Palmer thanked for helping save A-League
A man who had threatened to sue Football Federation Australia (FFA) for $20 million has been credited with helping save the A-League on a dramatic day in which the Newcastle Jets' future was assured.
Clive Palmer was among those thanked by another FFA critic - Perth Glory owner Tony Sage - on Tuesday after emerging from the first Joint A-League Strategic Committee (JALSC) meeting convinced of a bright future for the league.
Sage was full of praise for the FFA after 10 "critical" owner issues were addressed at the meeting, just hours after the governing body announced Nathan Tinkler's Hunter Sports Group (HSG) had reaffirmed their support for the Jets.
Palmer threatened legal action after being stripped of the Gold Coast United licence, but Sage believed the A-League owners' issues raised by the outspoken mining magnate and fellow billionaire Tinkler prompted a change of heart from the FFA.
That theory was backed by news on Tuesday that FFA chairman Frank Lowy had flown to Brisbane to hold face-to-face weekend talks with Tinkler - with stunning results.
Tinkler stunned the FFA last month when he announced his intention to hand back the Jets' licence because of "irreconcilable" differences with the FFA.
But after the weekend talks, the FFA had "resolved matters" with HSG - including the settlement of the ongoing Jason Culina insurance matter - to ensure they would keep the Jets' licence until 2020.
"I understand why Clive lost his licence but he put $18 million into the game and I respect him for that and his opinion," Sage told AAP.
"He did precipitate a lot of the media hype (about owners' issues) and the FFA may have felt they needed to respond.
"He and Nathan Tinkler have had a lot to do with it (FFA change of heart).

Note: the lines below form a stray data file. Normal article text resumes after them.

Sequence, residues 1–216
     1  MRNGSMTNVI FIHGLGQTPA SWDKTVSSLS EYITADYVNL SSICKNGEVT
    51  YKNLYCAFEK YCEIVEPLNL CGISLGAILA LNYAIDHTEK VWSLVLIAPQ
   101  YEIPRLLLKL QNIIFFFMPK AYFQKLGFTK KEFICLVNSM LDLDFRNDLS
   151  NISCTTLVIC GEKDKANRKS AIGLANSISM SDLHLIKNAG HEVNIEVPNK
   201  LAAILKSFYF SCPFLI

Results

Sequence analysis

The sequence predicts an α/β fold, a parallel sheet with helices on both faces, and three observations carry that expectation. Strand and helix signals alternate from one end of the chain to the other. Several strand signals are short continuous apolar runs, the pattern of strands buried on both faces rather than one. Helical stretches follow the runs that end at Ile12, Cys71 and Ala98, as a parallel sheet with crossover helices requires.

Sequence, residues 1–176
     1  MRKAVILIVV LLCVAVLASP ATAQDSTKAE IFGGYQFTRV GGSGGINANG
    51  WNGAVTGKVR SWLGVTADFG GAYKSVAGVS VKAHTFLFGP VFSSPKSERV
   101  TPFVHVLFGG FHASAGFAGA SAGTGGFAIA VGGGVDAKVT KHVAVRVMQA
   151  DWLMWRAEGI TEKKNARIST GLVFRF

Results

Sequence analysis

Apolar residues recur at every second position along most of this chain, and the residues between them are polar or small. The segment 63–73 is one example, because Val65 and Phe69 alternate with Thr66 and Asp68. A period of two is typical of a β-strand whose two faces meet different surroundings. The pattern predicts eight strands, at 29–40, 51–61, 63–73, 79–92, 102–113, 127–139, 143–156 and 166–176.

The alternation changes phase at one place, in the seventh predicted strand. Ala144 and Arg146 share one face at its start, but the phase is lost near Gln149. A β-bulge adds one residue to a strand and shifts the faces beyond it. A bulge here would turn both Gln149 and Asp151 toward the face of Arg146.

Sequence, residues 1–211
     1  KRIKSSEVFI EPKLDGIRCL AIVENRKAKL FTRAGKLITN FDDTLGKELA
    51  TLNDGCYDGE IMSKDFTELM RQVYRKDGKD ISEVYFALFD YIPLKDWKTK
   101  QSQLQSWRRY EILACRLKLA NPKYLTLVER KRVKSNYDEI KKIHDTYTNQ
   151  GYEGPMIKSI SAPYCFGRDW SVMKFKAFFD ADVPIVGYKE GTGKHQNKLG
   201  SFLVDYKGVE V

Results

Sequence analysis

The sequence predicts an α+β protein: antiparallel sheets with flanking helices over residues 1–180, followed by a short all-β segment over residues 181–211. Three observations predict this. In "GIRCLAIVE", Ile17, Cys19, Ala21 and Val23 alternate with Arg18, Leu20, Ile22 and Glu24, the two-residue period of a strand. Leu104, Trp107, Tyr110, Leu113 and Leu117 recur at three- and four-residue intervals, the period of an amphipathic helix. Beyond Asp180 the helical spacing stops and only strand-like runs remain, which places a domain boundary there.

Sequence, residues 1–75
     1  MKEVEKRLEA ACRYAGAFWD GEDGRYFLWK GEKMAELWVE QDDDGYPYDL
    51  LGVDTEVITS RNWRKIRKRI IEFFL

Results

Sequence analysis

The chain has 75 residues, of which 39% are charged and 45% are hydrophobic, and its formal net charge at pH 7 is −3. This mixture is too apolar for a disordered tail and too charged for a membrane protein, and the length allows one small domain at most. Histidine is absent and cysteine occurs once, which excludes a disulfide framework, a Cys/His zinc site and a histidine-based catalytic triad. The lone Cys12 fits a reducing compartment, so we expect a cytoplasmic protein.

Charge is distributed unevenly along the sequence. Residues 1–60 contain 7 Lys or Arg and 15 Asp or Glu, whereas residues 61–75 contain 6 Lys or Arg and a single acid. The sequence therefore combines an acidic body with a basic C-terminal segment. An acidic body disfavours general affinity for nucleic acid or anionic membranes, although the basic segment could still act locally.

"You would have to ask the FFA but maybe they could see the dominoes tumbling (after Palmer and Tinkler's departure).
"For someone like Nathan Tinkler to put his support behind the Jets - it is an indication of just how much the FFA have changed their thinking.
"And we got that positive vibe (at the meeting) that things were looking up."
Sage said it was not being melodramatic to describe Tuesday's JALSC meeting in Sydney as crucial to the A-League's future.
He represented the owners along with Peter Sidwell (Melbourne Heart) and Greg Griffin (Adelaide United) at the meeting also attended by FFA directors Brian Schwartz, Joseph Healy and Phill Wolanski as well as CEO Ben Buckley.
Sage said owners would save up to $3 million a year on "key issues" already addressed, with up to 20 points still to be discussed.
The JALSC will next meet in June.
"I have been openly critical of the FFA for many years - I think this is the first time I have something nice to say about them," Sage laughed.
"But we have been looking at other leagues for a guide on what is fair and we are not asking for anything that is not fair or unreasonable."
Tinkler said he had warmed to renewing talks with Lowy after discovering the FFA chairman would fly to Brisbane just to meet him.
"I took that as a sign of goodwill. It was a gesture I certainly appreciated," Tinkler said in a statement.
"We now have a way forward and I remain committed to ensuring the Newcastle Jets is one of the most successful clubs."